I don't have enough physics to workout the actual forces involved, but the stored heat under the wings is the least of your worries.

• Sounds a bit like Randall Monroe :) – Cerberus Jan 29 at 4:26
• @Cerberus nah, if it was Randall, it'd be in comic form, with all the forces calculated ;) – Baldrickk Jan 29 at 9:18
• @Baldrickk: Absoutely! My high-school science was 30 years ago, Randal Monroe I am not :) – Binary Worrier Jan 29 at 9:27
• For some reason I can't stop laughing: Death by being kicked out from your own planet by a huge chicken gosh :) – Alma Do Jan 29 at 12:48
• Air works very differently at supersonic speeds from its behavior at subsonic speeds. I wonder if a supersonic wing flap even works... – KRyan Jan 29 at 15:15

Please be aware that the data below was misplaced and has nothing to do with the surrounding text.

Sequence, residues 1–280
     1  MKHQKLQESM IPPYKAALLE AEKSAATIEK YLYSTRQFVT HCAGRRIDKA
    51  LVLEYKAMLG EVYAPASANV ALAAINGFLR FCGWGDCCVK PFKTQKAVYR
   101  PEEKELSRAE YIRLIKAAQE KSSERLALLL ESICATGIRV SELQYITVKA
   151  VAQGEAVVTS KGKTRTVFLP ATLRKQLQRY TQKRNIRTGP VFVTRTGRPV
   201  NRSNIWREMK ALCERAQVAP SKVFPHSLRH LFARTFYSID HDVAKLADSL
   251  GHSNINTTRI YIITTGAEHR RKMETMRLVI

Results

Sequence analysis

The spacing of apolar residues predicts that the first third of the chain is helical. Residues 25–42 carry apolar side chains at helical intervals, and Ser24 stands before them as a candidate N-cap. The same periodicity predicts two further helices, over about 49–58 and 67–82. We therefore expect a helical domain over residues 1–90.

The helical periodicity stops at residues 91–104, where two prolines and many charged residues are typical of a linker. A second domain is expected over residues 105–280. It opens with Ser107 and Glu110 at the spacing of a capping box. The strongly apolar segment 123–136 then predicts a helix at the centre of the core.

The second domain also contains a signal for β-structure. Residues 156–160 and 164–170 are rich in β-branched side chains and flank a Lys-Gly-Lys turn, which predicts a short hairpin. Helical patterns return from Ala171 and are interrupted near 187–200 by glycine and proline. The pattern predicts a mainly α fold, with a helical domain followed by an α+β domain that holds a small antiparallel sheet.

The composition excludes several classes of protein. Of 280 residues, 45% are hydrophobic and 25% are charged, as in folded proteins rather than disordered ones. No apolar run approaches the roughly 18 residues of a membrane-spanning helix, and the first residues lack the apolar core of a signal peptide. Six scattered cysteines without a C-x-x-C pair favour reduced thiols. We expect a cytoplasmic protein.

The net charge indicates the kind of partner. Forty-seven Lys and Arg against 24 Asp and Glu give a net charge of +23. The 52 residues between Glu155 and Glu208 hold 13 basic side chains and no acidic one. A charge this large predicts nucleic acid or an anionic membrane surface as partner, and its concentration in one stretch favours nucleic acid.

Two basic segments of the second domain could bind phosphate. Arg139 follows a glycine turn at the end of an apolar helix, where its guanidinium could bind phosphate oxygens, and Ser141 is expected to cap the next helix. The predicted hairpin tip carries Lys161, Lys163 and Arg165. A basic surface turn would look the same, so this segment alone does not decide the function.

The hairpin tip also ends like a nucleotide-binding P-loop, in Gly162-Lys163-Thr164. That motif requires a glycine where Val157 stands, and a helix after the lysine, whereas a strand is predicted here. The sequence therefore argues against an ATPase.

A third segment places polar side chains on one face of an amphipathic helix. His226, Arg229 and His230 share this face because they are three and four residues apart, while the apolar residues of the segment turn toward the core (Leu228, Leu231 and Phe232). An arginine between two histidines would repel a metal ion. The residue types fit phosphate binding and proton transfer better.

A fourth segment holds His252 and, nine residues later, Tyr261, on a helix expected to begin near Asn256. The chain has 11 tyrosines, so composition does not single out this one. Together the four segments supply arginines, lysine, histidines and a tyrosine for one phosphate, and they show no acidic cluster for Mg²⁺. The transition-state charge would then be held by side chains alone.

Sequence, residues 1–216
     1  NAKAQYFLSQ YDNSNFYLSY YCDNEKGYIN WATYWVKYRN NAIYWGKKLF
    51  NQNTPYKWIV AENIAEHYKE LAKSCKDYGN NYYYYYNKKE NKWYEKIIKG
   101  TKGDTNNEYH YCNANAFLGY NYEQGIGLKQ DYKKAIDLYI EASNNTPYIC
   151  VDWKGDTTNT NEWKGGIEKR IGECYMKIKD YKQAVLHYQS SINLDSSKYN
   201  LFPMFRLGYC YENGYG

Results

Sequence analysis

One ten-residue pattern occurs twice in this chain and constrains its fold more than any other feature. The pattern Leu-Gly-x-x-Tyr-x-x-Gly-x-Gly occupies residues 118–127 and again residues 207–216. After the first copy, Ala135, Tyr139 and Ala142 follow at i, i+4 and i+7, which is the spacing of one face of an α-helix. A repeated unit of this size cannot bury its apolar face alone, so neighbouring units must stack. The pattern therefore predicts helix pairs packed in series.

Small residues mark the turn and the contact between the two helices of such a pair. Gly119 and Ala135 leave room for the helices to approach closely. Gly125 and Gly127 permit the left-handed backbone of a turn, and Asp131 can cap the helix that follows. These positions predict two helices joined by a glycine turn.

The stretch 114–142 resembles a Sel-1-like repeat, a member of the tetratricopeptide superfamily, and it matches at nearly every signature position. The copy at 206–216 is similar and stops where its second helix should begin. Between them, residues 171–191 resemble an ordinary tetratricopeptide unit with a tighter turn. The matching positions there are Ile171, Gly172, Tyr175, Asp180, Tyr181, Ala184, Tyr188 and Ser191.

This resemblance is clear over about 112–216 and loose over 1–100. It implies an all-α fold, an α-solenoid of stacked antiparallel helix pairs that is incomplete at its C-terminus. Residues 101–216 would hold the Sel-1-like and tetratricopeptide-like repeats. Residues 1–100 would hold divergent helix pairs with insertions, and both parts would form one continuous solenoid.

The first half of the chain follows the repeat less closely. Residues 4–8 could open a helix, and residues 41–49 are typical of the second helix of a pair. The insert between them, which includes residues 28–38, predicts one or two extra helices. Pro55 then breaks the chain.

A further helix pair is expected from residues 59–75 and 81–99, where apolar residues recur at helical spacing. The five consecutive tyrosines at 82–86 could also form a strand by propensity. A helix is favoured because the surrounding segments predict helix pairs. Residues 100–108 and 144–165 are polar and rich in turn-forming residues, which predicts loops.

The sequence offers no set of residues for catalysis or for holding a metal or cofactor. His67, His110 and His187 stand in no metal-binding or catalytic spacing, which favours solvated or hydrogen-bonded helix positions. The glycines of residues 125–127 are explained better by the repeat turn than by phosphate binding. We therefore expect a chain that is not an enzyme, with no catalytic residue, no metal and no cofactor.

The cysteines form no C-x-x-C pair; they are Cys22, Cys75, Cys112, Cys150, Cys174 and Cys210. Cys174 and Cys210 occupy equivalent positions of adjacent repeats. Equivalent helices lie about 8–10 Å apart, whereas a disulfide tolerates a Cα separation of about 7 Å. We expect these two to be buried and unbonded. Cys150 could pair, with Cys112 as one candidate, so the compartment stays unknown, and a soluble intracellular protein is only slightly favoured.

## Edit

jdunlop has repeatedly pointed out the flaws of my answer so even if you have read the answer please reread it because there have been a few significant changes made. (in the Energy real world comparison part and following, it's a more accurate formula)

This simply is an expansion to Binary Worriers answer. (Math to display the true scale)

This is not that accurate because there are a lot of assumptions but it is good to display the ballpark in which the forces are working.

## Values:

• 1 mile (1,609.34 m) long wings
• 10 seconds to move 3.14 miles (ca. 5,053 m)
• we assume a 2:1 ratio in length to width so 0.5 miles (804.67 m) for our wing width
• this gets us a surface area of 1294987.62 $$m^2$$ or 0.5 $$miles^2$$
• A sphere of 1 mile (1,609.34 m) has a volume of 1.746 $$\cdot 10^{10}m^3$$ or 4.189 $$miles^3$$
• But our wing only has $$\frac {1}{4}$$ of the diameter the volume drops accordingly to 4 364 877 255 $$m^3$$ or 1.05 $$miles^3$$
• Lets reduce this by another 20% to adjust for imperfections of the wings and no full 180° flap of the wings (also wings don't tend to be perfectly shaped like the upper part of a circle). Which gives us 3 291 901 804 $$m^3$$ or 0.84 $$miles^3$$